CCNY History Majors Garner Top PhD Fellowships

The City College of New York history department launched a research colloquium in the spring 2010 semester that would give its top students a “writing sample they can use to apply to graduate school.” A year later, the effort has paid off handsomely as four graduating seniors have been admitted to top PhD programs on full, five-year fellowships.

The four students and the schools that have admitted them are: Diana Sierra, University of Michigan- Fidel Tavarez, Princeton University- Michael Hattem and Rodion Kosovsky, Yale University. Three of the four also benefited from the City College and Mellon Mays Fellowship programs, which provide support to students interested in academic careers. In addition, two students transferred to CCNY from community colleges in the CUNY system.

“There has been a tremendous resurgence of interest in history at City College,” said Dr. Clifford Rosenberg, the department chair, who added that the number of history majors at CCNY has climbed from 35 to 225. The increase made it possible to offer the research colloquium, which requires a 3.6 or higher GPA to enroll, as well as more upper-level courses that apply toward the major and are taught by professors.

Students in the colloquium produce a journal-quality article of original research in a workshop environment where they critique one another’s work. “To do this, you not only have to work with primary source materials but also master the secondary literature,” said Professor Darren Staloff, who taught the course for the spring 2011 semester.

Being able to give and take criticism is also crucial to success in the class. “Students need to be tough without being personal,” he explained. When being critiqued, “don’t justify (yourself). Write it down. If you immediately defend yourself, you’re not listening.”

Every word of a draft gets parsed. For example, in one recent class students questioned a colleague’s use of “moderate” to describe Benjamin Franklin during the pre-Revolutionary period. Professor Staloff suggested instead that Franklin be called “a man of compromise. If it’s not critical, it’s not worth fighting about.”

“The process helps you better understand how to organize issues and strengthen your argument as a writer, says Ms. Sierra, a Columbian immigrant who plans to study Latin American history at the University of Michigan.

“The research colloquium is the best thing the department has done,” added Mr. Hattem, a 35-year old high school dropout and father of two who transferred to CCNY from Borough of Manhattan Community College and is now bound for Yale.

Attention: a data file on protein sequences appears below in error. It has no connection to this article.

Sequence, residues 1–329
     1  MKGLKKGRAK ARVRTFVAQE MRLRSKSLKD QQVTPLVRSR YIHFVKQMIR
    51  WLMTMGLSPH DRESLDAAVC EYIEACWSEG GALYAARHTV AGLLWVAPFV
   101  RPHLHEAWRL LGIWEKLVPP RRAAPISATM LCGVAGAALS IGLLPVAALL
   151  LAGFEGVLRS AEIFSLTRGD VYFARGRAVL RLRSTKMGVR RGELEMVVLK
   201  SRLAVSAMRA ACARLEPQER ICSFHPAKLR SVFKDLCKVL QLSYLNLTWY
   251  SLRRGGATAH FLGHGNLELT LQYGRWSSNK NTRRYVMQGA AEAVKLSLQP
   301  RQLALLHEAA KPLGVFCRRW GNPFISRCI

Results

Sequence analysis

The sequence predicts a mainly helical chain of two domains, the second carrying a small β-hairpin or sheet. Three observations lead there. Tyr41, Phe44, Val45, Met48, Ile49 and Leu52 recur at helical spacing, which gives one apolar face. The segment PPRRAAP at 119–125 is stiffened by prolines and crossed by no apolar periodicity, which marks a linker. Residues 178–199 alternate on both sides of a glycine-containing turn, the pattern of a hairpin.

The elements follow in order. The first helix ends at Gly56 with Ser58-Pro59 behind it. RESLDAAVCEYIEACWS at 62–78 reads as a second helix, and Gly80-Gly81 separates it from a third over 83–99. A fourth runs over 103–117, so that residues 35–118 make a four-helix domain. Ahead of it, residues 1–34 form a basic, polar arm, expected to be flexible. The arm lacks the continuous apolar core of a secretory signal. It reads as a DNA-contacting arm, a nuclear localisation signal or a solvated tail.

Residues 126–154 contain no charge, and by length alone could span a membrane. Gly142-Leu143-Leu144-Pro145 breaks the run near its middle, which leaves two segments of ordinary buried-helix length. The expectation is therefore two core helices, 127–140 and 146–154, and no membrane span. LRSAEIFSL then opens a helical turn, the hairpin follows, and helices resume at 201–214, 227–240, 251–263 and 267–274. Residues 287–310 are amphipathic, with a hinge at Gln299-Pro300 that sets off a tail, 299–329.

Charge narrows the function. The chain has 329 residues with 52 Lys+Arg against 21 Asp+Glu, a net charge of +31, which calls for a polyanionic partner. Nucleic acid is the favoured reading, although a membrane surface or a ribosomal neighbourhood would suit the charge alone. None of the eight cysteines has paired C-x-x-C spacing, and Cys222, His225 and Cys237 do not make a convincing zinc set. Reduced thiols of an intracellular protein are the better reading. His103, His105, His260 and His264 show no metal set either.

“We’d pass around drafts of our papers and get feedback. I was surprised at how good the other students in the program were. It was somewhat intimidating to read these impressive papers and get this impressive feedback and have scholarly interaction with other people who were just as serious about history.”

Mr. Tavarez, who transferred to CCNY from LaGuardia Community College and will now study Latin American history at Princeton, credits the colloquium with helping him gain acceptance to graduate school. “After that class, I had a solid senior thesis that I used as a writing sample.”

“Top PhD programs want a writing sample, and this is the best kind of sample you can have,” added Professor Staloff.

City College’s support for its aspiring academicians goes beyond the research colloquium. Through the City College Fellows and Mellon Mays programs, students receive mentoring and academic support in addition to financial assistance that helps them to conduct independent research.

“Admission to top graduate schools is all about research,” said Dr. Susan Besse, professor of history and director of the two fellowship programs. “It is virtually essential to spend at least one summer doing research.”

Mr. Kosovsky, a City College Fellow, was able to spend a summer in London doing archival research and Mr. Tavarez, a Mellon Mays Fellow, published a paper based on archival research he conducted in the Dominican Republic. Ms. Sierra is a Mellon Mays fellow, as well. The two programs have different admission criteria but are run together.

“Without support to do archival research, it is hard for a student to get the kind of experience that will make him or her stand out,” Professor Besse explained. In past years, fellows have traveled to France, Germany, Poland and Brazil, she noted. One student interested in health went to Guatemala for a summer to improve his Spanish and meet graduate school foreign language proficiency requirements.

“Being in the Mellon Mays program helped me meet living expenses and allowed me to dedicate time to my studies,” Ms. Sierra said. “It tries to mimic the relationships of graduate school, such as the mentoring process and doing primary source research. I was able to get immersed in my field and get a sense of what academia is like and what your discipline is about.”

“As a Mellon Mays Fellow, I started looking at my classes in a different way,” Mr. Tavarez said. “When I’d write papers, I wouldn’t write papers I would then throw out. I’d write papers that I could develop further research on.

For a class on 19th century American history, taught by Professor Greg Downs, he wrote about how ideas on race influenced President Grant’s unsuccessful effort to annex the Dominican Republic. He continued working on that theme in a class on modern imperialism taught by Professor Barbara Brooks.

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